Planar Projection Planar-- A 'Planar' projection is similar in concept to a movie projector, but the associated image is projected onto the surface orthographically, meaning the projection rays travel perpendicular from the virtual projection plane onto the surface. This projection type is great for flat or nearly flat surfaces. Other instances will likely cause undesirable stretching of the texture. Users can specify the axis direction, either X, Y or Z, they wish the projection to face.
Cylindrical Projection Cylindrical-- For the 'Cylindrical' projection, the texture image is warped into a cylindrical shape and projected onto the surface. Very useful in texturing cylindrical shapes, such as labeling on various cans and bottles. Surfaces perpendicular to the projection will produce undesirable stretching of the texture as exhibited by the lid of the teapot. Users can specify the axis direction for the cylinder along the X, Y or Z axes.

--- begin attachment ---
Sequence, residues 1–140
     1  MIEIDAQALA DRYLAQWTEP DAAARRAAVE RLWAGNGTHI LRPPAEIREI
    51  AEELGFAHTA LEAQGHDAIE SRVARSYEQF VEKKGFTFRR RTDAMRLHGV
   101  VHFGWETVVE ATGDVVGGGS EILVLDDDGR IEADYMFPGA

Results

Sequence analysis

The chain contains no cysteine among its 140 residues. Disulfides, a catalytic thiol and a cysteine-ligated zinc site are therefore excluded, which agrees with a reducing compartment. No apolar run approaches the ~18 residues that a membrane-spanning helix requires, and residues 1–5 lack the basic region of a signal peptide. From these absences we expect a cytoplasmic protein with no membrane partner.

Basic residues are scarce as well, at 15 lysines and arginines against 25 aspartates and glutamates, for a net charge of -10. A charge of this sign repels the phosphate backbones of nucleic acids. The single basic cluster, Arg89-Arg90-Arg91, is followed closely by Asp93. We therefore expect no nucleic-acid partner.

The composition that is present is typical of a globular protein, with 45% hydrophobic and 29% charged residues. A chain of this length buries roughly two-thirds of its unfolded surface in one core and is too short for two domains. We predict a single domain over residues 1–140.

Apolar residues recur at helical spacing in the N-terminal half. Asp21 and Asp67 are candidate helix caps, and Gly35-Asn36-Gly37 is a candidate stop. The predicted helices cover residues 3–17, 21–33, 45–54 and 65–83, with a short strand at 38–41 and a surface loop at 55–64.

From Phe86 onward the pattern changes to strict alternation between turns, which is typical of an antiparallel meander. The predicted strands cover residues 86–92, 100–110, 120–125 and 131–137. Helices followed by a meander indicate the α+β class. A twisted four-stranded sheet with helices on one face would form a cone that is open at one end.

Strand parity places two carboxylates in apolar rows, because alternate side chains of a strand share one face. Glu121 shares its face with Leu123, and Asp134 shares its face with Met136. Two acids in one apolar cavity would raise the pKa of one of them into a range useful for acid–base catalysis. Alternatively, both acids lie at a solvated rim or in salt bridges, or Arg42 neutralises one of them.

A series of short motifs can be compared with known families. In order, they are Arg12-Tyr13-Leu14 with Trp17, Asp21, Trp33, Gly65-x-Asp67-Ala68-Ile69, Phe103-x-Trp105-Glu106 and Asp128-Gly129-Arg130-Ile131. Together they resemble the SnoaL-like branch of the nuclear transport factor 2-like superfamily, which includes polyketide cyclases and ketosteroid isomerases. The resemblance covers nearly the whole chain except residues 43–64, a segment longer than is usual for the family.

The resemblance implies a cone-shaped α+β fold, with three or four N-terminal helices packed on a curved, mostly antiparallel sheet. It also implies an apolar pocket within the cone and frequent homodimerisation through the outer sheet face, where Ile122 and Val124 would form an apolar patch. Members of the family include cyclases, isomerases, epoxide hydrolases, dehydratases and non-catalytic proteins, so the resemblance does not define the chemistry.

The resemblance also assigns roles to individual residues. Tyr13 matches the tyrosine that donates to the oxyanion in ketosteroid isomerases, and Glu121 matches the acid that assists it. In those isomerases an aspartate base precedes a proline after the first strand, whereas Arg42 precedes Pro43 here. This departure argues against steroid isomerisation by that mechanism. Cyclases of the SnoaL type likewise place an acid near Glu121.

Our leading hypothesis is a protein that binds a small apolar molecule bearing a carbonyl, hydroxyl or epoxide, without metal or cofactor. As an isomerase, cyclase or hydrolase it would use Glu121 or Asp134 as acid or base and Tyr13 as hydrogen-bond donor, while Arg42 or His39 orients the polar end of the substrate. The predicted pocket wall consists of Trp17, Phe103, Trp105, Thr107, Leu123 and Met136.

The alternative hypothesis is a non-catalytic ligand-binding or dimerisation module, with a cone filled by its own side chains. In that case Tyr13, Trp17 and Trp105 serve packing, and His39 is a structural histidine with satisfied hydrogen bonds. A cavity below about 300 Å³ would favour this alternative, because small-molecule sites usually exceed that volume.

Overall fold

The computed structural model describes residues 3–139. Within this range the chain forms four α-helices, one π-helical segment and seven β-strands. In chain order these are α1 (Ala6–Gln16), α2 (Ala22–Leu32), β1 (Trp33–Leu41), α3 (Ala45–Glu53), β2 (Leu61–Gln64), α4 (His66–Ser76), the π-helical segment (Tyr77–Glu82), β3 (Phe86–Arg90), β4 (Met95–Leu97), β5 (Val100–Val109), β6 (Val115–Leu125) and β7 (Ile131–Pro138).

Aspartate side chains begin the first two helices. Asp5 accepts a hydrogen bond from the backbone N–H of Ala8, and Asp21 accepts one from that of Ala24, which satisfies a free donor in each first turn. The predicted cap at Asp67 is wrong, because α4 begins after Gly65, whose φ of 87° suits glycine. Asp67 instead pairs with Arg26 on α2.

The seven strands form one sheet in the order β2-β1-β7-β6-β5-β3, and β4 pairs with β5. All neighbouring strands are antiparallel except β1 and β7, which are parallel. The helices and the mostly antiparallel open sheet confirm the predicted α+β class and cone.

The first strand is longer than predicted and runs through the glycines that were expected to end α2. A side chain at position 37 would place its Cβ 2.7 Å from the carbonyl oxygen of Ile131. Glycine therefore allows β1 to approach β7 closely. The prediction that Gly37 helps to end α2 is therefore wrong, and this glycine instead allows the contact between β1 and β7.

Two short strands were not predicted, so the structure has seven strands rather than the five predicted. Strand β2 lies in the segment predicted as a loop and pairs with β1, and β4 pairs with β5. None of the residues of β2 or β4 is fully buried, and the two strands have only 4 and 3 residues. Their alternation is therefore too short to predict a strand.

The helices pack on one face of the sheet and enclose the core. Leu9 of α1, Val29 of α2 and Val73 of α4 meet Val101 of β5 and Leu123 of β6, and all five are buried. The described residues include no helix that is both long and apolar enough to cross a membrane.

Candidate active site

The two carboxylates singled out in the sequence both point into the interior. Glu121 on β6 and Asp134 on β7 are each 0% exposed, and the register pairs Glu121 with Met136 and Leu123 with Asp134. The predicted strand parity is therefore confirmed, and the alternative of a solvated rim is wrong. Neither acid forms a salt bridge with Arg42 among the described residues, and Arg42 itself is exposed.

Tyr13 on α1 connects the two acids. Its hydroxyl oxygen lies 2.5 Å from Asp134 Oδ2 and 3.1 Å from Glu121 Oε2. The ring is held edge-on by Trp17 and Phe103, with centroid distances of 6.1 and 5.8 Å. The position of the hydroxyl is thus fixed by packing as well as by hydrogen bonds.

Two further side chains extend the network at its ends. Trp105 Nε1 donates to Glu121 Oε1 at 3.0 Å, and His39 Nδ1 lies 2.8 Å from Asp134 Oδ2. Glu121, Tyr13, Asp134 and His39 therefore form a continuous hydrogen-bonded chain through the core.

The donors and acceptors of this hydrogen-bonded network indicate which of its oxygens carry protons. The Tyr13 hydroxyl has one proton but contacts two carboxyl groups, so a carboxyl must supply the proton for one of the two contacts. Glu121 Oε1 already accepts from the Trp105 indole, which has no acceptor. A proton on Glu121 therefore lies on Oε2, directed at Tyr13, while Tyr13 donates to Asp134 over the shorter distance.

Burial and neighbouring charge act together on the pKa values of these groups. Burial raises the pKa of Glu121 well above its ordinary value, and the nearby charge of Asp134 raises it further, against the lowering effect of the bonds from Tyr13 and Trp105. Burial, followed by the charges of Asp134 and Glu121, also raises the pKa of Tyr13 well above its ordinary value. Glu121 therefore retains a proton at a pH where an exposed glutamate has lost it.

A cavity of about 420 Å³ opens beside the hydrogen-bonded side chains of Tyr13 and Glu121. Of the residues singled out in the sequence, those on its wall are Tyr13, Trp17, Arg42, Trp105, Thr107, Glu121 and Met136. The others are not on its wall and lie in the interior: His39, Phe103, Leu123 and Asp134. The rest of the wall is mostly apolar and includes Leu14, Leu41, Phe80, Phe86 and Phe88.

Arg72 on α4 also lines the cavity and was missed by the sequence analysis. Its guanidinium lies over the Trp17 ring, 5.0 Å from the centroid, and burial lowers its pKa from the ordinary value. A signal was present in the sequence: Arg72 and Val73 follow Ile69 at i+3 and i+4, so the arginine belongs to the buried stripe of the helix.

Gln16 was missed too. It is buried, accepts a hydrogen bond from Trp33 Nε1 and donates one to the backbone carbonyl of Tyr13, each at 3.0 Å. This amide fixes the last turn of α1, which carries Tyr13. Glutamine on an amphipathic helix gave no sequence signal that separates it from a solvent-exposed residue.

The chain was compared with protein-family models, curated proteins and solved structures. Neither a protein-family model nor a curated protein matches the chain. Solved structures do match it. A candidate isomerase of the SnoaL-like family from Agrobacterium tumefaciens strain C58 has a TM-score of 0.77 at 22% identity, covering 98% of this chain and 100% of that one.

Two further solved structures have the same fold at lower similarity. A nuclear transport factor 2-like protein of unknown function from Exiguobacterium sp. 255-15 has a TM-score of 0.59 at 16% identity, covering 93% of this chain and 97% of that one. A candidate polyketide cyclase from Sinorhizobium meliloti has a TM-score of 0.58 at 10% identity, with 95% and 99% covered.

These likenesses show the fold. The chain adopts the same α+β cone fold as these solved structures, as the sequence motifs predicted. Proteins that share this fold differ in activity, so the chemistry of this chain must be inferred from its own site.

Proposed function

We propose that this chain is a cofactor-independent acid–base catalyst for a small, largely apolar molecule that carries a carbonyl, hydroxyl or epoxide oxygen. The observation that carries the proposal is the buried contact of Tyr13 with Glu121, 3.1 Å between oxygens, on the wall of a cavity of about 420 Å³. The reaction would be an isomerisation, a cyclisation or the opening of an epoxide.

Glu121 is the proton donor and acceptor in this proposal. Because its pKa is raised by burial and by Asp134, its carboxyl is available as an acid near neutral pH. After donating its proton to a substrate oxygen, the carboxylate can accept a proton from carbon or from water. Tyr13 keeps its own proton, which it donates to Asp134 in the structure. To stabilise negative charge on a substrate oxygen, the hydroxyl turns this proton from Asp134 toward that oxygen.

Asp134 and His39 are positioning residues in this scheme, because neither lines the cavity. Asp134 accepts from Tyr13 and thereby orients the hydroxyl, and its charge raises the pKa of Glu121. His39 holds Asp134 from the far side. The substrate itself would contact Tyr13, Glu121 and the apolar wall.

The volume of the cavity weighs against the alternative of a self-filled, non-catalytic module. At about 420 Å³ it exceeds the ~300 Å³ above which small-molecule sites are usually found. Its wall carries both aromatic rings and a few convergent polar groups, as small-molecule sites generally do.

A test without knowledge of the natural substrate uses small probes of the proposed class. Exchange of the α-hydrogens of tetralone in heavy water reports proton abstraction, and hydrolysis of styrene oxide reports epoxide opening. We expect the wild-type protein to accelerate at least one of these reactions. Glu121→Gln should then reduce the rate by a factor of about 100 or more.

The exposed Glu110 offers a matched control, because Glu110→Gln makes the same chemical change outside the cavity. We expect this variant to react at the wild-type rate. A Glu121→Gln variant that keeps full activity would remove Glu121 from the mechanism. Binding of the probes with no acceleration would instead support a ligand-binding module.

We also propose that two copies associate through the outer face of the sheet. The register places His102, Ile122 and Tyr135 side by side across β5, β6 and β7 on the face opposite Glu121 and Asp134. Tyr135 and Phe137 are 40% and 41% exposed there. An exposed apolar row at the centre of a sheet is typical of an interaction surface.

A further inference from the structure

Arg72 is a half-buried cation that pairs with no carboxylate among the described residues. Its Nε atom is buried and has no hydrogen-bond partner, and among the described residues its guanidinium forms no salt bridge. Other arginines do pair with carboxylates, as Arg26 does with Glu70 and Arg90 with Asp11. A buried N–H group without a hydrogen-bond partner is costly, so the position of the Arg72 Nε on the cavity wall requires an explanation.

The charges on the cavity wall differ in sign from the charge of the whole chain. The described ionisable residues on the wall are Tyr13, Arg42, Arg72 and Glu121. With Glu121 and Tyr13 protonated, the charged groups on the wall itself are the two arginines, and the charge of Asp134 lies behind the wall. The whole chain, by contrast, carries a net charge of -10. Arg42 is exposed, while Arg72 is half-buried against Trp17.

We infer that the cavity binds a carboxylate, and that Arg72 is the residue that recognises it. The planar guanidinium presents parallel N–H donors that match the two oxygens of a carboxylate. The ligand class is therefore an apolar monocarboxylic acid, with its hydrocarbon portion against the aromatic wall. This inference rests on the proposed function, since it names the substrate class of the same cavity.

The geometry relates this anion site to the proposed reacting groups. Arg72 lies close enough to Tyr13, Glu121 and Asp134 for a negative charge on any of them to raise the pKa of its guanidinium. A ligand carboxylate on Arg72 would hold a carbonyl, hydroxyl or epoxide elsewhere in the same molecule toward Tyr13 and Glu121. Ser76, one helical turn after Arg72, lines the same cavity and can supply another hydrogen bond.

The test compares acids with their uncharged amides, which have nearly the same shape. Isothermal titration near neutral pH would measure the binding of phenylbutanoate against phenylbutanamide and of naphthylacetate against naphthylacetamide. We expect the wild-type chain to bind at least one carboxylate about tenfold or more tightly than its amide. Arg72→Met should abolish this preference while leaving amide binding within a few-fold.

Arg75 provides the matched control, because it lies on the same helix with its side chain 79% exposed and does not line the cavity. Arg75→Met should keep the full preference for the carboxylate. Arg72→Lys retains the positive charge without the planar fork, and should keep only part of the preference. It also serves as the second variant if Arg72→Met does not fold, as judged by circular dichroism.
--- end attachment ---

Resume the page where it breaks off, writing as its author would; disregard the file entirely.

Spherical Projection Spherical-- For the 'Spherical' projection, the texture image is warped into a spherical shape and projected onto a surface. Useful in texturing planets and round objects such as sports balls. Spherical projections are also useful in mapping 360° panoramic images for use as environment maps. Surfaces perpendicular to the projection will produce undesirable stretching of the texture as exhibited by the spout of the teapot. Users can specify the axis direction for the sphere along the X, Y or Z axes.
Cubic Projection Cubic-- For the 'Cubic' projection, the texture is planar projected through a surface from all three axial directions, X, Y & Z. A polygon receives a certain projection based on its normal direction. This projection type is best on cube shaped objects, and occasionally on detailed surfaces where texture seams are not of great concern. The main drawback is for textures that have a proper orientation are flipped on reverse faces, this is resolved by using the 'Cube' projection method.